Though King Crimson has been inactive since 2009, bassist Tony Levin says their music remains a topic of conversation among fans who fondly remember the group — even if describing their experiences sometimes proves difficult.
Post Tagged with: "Progressive Rock"
Ian Gillan, fresh off a triumphal return in Now What?! with Deep Purple, looks back at his lengthy career — beginning with his very first appearance with the band.
Inside Emerson Lake and Palmer’s amazing rotating piano stunt: ‘Keith actually hurt himself doing it’
Greg Lake takes fans inside one of Emerson Lake and Palmer’s most spectacular 1970s-era concert stunts — when Keith Emerson would rise above the crowd playing a grand piano and turn 360 degrees.
Arriving in a period in which Yes wasn’t doing studio work, and including contributions from no less than five musicians with ties to the band, the comparisons for Circa came early and often. A new reissue from Cleopatra underscores the differences.
The turn of the millennium was a time of artistic resurgence for UK guitar lord Allan Holdsworth; with its stripped down arrangements and group improvisational freedom, Holdsworth got more from less out of Sixteen Men of Tain (2000).
Flash, together again after four decades, take on a song that’s already been defined (as a Nine Inch Nails original) and then redefined (with Johnny Cash’s harrowing third-act re-do) — and yet they still find new revelations.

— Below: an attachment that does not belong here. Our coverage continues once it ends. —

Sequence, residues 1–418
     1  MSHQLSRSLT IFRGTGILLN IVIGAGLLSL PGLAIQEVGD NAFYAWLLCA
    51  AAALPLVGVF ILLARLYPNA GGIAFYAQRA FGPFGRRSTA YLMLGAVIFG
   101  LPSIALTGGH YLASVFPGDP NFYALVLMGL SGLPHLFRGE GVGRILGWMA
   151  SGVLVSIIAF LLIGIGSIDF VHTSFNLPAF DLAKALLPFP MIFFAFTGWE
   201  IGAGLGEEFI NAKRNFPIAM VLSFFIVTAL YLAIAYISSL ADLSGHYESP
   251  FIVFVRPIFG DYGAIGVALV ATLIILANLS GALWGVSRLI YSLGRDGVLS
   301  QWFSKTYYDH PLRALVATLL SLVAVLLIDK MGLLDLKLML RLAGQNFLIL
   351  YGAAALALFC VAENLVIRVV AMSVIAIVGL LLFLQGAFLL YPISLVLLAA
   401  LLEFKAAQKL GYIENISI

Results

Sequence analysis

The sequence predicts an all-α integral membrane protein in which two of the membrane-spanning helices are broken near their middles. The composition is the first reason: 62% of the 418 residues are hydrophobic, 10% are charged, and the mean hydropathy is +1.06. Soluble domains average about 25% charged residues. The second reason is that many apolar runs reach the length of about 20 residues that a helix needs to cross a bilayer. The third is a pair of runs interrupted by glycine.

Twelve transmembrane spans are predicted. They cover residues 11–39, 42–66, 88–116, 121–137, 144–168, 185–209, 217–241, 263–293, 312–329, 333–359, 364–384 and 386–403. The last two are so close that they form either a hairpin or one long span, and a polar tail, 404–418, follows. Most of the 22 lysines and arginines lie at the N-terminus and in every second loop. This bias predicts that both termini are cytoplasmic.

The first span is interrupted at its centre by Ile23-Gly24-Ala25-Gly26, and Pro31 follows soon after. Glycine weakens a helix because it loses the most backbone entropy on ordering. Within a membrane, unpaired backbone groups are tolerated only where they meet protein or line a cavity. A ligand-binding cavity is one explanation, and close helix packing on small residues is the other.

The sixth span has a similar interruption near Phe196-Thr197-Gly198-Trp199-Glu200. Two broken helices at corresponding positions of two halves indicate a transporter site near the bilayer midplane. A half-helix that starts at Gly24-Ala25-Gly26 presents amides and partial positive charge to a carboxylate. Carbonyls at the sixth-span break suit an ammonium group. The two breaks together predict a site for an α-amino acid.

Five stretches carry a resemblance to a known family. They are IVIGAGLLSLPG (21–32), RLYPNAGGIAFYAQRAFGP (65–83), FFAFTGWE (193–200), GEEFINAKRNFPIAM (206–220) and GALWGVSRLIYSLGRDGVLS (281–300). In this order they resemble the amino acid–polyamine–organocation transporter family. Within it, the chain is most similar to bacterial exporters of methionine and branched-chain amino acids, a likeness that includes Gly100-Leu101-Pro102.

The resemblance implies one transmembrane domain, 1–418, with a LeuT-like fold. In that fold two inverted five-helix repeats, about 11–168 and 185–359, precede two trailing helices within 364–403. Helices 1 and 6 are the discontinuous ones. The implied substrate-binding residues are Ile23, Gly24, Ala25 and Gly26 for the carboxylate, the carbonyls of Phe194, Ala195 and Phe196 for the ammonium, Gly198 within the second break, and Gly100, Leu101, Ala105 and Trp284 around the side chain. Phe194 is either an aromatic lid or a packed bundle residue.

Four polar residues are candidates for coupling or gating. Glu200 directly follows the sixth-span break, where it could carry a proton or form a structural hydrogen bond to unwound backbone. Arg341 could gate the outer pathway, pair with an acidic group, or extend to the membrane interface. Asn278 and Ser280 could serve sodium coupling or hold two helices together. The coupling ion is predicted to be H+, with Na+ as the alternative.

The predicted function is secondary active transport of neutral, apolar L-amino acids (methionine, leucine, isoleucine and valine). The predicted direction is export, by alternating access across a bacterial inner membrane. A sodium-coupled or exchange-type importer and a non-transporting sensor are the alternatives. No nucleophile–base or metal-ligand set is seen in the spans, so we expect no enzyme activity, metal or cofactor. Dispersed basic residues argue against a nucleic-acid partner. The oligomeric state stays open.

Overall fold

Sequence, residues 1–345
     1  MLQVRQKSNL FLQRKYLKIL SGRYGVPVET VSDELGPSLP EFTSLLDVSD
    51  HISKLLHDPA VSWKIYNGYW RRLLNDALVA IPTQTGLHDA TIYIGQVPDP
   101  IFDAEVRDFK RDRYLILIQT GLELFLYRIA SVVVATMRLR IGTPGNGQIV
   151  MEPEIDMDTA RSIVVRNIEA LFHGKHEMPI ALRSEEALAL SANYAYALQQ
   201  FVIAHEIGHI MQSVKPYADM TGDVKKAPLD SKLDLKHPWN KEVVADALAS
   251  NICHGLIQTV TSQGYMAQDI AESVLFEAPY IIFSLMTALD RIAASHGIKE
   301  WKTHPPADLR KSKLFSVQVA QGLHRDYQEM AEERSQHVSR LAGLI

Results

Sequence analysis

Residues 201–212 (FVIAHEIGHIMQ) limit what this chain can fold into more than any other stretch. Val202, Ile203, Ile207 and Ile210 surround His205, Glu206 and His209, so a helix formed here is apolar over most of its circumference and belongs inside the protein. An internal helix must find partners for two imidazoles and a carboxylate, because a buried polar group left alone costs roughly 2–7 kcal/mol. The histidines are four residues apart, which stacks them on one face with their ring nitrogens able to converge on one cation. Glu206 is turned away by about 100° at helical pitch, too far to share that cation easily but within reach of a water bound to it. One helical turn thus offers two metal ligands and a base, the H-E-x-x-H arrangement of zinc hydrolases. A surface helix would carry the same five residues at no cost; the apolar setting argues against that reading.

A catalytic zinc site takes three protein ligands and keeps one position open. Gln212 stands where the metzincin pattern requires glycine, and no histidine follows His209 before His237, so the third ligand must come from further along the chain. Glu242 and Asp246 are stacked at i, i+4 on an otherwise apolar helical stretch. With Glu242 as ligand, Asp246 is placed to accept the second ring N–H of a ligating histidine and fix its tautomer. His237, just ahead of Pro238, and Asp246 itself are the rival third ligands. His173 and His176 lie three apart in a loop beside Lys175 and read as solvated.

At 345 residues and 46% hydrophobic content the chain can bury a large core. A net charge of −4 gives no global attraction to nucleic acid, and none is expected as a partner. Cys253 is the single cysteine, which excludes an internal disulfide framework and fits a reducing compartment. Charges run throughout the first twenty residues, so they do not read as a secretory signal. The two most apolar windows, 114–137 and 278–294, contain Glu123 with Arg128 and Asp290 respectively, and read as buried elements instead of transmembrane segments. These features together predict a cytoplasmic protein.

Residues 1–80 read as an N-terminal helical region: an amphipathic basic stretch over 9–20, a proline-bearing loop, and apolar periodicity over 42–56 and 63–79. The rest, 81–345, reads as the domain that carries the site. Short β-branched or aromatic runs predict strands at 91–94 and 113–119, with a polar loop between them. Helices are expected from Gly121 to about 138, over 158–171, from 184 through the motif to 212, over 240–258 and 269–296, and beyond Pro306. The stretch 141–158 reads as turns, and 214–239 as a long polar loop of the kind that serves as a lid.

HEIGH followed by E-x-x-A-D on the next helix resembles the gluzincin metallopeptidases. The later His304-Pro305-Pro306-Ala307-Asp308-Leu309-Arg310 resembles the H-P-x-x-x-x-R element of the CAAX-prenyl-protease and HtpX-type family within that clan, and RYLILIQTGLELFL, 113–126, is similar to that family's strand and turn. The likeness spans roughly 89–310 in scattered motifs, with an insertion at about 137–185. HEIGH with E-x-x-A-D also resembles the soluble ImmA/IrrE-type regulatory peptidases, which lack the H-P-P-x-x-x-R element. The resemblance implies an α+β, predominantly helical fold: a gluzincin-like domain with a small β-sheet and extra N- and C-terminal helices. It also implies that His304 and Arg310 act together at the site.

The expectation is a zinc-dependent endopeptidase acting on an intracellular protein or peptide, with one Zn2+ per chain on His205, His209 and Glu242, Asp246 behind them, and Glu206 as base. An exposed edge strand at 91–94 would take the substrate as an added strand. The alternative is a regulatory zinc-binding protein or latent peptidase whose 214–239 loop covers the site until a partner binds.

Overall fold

In the closest we’re likely to get to new stuff any time soon from King Crimson, the alumni-filled Crimson ProjeKCt turns in a nervy, tensile live take on this cut from 1995’s Thrak.
Guitarist Steve Morse joined us as Deep Purple released both deluxe and vinyl editions of their new album Now What?!, a comeback which has already topped the charts in four countries — and gone Top 20 in 13 more.
Guitarist Steve Hackett, with an assist from criminally underrated fellow Genesis alum Ray Wilson, has finally found the emotional centerpoint within one of their old band’s signature tunes, “Carpet Crawlers.”
The outstanding, early Pink Floyd-inspired debut album of Jacco Gardner is easily the best album of 2013, even this early out in the year. Gardner is like a lighthouse beacon in a fog of mediocrity of pop music.